Four Letter Nerd

By Grabthar’s Hammer: An Interview with Erik Burnham

Last year I wrote about my favorite science-fiction parodies of all time, and Galaxy Quest was a shoo in.  It’s one of the few movies that can watch all the time and not get tired of it.  One day while looking up something unrelated I stumbled across an article about the upcoming Galaxy Quest comic that would be a direct sequel to the film.  Needless to say, when I found out that a sequel was coming in the form of a comic book, I was absolutely stoked.  This week alone I have referenced the movie with two separate Twitterers; one of them a local sports talk radio host who referenced the Omega-13 on air, and the other was Erik Burnham, writer of Galaxy Quest: the Journey Continues.
I reached out to Galaxy Quest: the Journey Continues writer Erik Burnham for an interview, and he kindly obliged. Check out our conversation below!
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4LN: How did you initially get your start in the comic book industry?
Erik Burnham: This’ll be a long one!! I’ve been drawing (in general, and also comic strips for my own amusement) since elementary school – and writing (stage and screenplays, prose stories and fanfic, as well as radio bits when I worked in that industry.) That’s what set me up.
In 2000, I lost my job in radio and started hanging around more on message boards. Alvaro’s Comic Boards and Chuck Dixon’s Dixonverse, which emerged originally from the CB Birds of Prey board. There were people I liked talking with, and they posted on both boards. I met even more people through them, and I had a lot of time to network with no job.
One night, a chunk of us were on the old AOL IM (remember that, kids?) and talking comics. Usually we talked about stuff we liked, but tonight, it was all grousing. Not liking this publisher’s event or that comic’s run… the same old topics fans always gripe about when they get in a complaining mood. But then someone asked “Could we do better?” And we decided to put our money where our mouths were. That was December, 2001.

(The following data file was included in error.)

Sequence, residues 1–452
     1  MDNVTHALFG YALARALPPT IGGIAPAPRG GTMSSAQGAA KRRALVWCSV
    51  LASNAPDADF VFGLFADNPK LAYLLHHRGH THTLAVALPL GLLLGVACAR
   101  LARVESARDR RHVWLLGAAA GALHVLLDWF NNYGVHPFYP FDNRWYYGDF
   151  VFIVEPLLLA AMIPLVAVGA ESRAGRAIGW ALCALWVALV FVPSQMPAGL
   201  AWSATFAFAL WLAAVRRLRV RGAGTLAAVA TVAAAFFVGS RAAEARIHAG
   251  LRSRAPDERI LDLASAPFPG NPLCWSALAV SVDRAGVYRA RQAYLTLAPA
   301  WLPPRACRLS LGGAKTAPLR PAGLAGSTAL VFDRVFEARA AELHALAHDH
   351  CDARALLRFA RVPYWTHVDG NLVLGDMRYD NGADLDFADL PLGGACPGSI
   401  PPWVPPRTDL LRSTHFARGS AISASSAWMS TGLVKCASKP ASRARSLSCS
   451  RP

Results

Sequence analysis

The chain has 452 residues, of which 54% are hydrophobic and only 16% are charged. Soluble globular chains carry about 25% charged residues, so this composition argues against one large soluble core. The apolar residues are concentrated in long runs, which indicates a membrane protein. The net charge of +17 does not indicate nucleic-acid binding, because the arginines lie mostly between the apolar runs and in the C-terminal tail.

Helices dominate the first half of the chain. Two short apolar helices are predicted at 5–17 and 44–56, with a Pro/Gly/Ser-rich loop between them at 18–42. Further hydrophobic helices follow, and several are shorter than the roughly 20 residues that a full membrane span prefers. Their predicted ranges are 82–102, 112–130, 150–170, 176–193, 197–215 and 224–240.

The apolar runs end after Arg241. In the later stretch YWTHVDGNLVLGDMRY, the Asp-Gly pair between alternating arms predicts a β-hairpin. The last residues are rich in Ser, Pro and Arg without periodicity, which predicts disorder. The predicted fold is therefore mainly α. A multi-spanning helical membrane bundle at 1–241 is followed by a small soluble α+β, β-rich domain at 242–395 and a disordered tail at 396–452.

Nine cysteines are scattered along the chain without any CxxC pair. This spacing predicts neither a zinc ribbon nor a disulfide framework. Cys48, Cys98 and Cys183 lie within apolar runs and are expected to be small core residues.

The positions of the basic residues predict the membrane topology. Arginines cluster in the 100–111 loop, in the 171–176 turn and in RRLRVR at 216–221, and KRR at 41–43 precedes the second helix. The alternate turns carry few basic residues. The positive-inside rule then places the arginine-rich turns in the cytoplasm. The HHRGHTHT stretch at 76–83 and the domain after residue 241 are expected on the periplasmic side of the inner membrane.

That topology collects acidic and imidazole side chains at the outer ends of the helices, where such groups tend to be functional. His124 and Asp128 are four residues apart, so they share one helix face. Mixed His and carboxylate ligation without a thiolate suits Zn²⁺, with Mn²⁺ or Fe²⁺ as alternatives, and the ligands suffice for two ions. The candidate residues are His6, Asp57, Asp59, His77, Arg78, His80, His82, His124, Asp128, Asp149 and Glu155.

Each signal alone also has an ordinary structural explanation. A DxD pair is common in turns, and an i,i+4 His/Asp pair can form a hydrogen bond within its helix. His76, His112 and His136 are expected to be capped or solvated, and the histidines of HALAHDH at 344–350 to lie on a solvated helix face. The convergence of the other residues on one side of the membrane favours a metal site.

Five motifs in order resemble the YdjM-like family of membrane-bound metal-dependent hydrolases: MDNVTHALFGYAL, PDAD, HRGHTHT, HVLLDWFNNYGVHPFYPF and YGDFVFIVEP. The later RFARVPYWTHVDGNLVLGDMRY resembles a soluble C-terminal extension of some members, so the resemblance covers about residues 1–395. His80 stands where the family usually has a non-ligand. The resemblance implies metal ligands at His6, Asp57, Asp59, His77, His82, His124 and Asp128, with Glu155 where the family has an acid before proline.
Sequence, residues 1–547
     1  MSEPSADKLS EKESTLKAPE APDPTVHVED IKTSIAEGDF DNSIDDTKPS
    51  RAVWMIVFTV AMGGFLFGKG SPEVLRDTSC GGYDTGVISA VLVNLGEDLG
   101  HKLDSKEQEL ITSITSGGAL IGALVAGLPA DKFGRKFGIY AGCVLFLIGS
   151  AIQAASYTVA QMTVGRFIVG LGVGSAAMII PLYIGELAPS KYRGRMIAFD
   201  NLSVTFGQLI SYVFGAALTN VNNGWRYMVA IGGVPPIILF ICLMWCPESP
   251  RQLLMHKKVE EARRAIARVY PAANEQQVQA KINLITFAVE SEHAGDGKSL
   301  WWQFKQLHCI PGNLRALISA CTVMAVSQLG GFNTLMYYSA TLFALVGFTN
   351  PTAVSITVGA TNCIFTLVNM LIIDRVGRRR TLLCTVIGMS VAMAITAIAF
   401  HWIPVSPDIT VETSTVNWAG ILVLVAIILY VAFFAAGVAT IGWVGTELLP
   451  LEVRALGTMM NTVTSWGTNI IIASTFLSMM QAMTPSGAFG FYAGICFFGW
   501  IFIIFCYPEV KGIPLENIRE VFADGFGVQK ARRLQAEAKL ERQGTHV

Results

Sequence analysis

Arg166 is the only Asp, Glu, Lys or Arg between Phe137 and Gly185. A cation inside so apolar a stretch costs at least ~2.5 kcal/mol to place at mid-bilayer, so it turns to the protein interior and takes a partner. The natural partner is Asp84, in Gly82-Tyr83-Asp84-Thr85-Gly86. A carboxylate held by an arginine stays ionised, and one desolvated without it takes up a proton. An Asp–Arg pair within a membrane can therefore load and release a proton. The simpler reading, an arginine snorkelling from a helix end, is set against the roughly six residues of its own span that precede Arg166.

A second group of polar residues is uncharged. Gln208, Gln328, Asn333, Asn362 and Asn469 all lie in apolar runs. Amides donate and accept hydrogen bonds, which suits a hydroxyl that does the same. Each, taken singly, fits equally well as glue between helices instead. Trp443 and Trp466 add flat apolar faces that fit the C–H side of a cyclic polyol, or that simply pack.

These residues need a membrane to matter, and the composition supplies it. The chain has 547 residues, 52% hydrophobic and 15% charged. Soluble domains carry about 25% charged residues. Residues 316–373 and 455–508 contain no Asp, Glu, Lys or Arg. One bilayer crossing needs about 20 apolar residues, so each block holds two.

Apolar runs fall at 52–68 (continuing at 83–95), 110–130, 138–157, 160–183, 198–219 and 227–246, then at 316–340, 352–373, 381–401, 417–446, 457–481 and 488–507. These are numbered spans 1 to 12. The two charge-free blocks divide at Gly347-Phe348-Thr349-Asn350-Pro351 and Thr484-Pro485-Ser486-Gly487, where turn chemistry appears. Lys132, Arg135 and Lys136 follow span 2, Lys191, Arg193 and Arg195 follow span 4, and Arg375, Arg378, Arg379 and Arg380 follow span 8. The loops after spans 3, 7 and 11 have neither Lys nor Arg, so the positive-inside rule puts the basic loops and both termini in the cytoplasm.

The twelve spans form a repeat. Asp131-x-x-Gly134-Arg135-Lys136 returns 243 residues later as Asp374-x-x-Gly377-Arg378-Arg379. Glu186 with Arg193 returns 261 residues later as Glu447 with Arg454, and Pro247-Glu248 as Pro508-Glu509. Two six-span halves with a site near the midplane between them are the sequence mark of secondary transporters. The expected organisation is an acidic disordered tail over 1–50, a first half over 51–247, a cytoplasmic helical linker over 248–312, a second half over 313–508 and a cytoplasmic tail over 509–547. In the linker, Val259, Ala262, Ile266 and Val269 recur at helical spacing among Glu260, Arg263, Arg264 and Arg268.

In August of 2002, we had an 80 page anthology. Cover by Steve Lieber. Intro by Denny O’Neil. A western by Chuck, and a bunch of first-timers doing their own thing.
My entry was a comedy, featuring Nick Landime (even his name is a pun!) Nick was received okay, but since he wasn’t a superhero, he wasn’t the star of the book. But I kept doing Nick stories anyway when the Shooting Star Comics Anthology (as we called it) morphed into a quarterly, published by the fledgling Shooting Star Comics. The antho ran six issues, and I did something in each of those. (Nick appeared in four issues of the six issue run, as well as in two convention specials and his own one-shot, Nick Landime vs. the World Crime League – a story I’m proud of, and art I’m kind of bummed over. I drew it during a December while working retail, and brother, does it ever show! But I digress….)
The other thing Shooting Star did was publish Tom Waltz’s Children of the Grave as a miniseries. This lead to Tom seeing Nick (and it fit his sense of humor – he dug it!)